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LONDON (Reuters) - Not unlike the ageing public - central banks will have to work harder as their economies grey and greater interest rate volatility over time may well be the outcome.
Monetary policymakers around the globe are already preparing households and businesses for the likely end of the present super-low interest rate era over the years ahead.
Yet despite five years of crisis-management in which central banks were the dominant and most powerful forces, some economists reckon they have been steadily losing their influence on the real economy in recent decades.
The success of inflation targetting in managing long-term expectations has in itself lessened the reverberations of interest rate moves, as did developments in housing finance and extensive credit deregulation.
But one reason cited for central banks losing that traction is rapid ageing populations.
On the basic 'life-cycle' assumption that younger people incur more debt and older folk have higher savings and assets as they hit retirement, the argument centres on the idea that debtors rather than creditors are far more sensitive to interest rates.
As that plays out in aggregate - and the data suggests it has over recent decades - then the risk is central banks will have to pull much harder on the interest rate lever as populations age over time to make an impact on the real economy.
And given the level of anxiety in world markets about just the beginning of the end of almost five years of near-zero U.S. interest rates, the prospect of more strident rate moves when they happen is a potentially daunting prospect.
So does the demographic influence stack up?
In a working paper for the International Monetary Fund published this month, staff economist Patrick Imam modelled the impact of one percentage point moves on joblessness and inflation over 50 years in five countries - the United States, Britain, Canada, Germany and Japan.
The paper then mapped those changes against shifts in the old-age dependency ratios in each of the countries to focus on the extent to which ageing can explain at least some of the changes in interest rate sensitivity.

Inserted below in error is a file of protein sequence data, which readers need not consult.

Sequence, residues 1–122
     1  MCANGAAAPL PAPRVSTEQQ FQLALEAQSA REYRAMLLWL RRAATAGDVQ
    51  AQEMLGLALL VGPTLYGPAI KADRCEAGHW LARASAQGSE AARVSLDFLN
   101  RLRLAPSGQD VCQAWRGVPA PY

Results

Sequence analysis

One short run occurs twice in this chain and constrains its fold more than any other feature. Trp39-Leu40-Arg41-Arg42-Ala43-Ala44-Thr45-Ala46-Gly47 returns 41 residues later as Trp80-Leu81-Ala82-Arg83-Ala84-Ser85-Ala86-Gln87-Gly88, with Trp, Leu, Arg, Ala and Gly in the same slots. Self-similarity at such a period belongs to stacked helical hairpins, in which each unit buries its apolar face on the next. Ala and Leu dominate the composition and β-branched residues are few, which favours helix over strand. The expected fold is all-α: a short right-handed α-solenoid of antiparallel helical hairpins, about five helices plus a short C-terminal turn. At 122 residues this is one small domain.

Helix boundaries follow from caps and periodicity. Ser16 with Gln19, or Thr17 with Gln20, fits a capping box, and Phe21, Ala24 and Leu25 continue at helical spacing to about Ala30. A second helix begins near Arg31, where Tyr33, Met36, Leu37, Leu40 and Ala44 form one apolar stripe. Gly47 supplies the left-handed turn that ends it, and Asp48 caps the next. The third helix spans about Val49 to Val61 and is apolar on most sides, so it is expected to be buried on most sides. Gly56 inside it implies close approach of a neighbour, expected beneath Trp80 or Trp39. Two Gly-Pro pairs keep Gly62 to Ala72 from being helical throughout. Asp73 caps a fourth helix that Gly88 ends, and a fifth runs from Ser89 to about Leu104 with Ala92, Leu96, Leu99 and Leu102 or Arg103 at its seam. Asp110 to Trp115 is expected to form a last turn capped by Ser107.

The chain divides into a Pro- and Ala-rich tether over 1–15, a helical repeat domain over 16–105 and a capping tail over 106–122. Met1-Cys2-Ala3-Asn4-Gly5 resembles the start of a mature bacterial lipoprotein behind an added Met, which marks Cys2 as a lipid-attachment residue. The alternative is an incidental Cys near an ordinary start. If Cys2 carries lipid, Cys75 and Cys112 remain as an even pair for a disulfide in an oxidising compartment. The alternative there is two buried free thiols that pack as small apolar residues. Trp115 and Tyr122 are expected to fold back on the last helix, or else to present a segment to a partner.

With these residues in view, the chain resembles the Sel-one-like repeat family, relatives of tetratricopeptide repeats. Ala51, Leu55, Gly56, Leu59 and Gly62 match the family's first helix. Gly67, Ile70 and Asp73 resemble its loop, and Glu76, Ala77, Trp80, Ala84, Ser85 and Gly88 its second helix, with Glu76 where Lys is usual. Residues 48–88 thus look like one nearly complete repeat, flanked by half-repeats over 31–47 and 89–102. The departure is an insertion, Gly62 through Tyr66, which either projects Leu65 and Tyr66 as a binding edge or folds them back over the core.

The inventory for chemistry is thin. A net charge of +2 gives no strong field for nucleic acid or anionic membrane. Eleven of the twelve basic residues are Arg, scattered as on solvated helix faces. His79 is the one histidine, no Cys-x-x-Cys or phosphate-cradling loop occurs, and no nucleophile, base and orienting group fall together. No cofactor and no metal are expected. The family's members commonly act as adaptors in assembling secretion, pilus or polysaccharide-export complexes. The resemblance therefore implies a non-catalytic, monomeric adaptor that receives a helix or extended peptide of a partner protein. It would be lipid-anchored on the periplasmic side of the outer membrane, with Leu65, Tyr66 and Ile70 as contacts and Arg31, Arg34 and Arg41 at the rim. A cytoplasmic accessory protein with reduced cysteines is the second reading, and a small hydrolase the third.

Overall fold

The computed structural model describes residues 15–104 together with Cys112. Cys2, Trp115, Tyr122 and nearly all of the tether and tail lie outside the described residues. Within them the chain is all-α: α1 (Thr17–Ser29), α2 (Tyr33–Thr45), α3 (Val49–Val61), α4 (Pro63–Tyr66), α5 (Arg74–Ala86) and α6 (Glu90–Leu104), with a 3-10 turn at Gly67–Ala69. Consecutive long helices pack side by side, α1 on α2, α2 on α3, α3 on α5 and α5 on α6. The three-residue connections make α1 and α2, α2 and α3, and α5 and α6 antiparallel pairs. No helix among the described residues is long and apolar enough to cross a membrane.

The study found there was a robust enough relationship to say demographic trends did contribute to the drop in monetary policy effectiveness and this opens up a number of policy implications.
The first is how the aversion to inflation among older savers and fixed income earners, compared to youngsters who may like to have their debts, tilts central banks' priorities toward keeping inflation and inflation targets low if ageing demographics hits economic activity over time.
The second is the scale of any rate moves that may be required to shift behaviour and prices in an economy increasingly dominated by its older citizenry.
"If monetary policy is less effective in a greying society, ceteris paribus, a larger change in the policy rate will be needed to bring about a change in the economy than in a younger society," Imam wrote. "This implies that traditional changes of 25 basis points, which have been the norm in previous decades, may have to be amplified."
Another conclusion is that governments may just have to look more at either fiscal and budgetary policies, regulatory measures or overt direction to steer their economies in a world increasingly desensitised to monetary tools.
For all the questions that may raise, doubts about the rising age profile of economies is not one of them.
United Nations' projections for the developed economies have old-age dependency ratios, the share of retirees to workers, almost doubling to more than 40 percent over the next 30 years.
And a paper by Deutsche Bank this month reckoned even the UN forecasts underestimated the impact of falling fertility rates.
It concluded the human species will stop expanding as soon as 2055, half a century sooner that UN estimates, and ageing societies will be forced to respond by extending working lives.
The implication for monetary policy is more controversial and some experts see the IMF paper's data conclusions as too clean cut for all the complex and ambiguous influences at play.
George Magnus, economic adviser to UBS and author of 2008's 'The Age of Aging", says he's sceptical of the simplicity of the idea, not least given the gigantic hit savers have taken from zero rate policies and bond buying over the past five years.
Net interest income accruing to U.S. savers and assets holders has dropped by the equivalent of 4 percent of U.S. gross domestic product over that period, he estimated - a figure equivalent to the entire U.S. fiscal stimulus of 2009/10.
Whether it's the scale of private sector debt paydown seen in recent years or the sort de-risking behaviour forced on pension funds by slashing their discount rates, Magnus reckons there have been just too many other reasons and influences surrounding the ebbing force of monetary policy of late.
"The ageing impact on monetary policy is curious long term but the exercise seems little other-worldly right now," said Magnus. "Maybe in 10-15 years this may well be more obvious but it's hard to disentangle it quite so simply today."
Editing by Ron Askew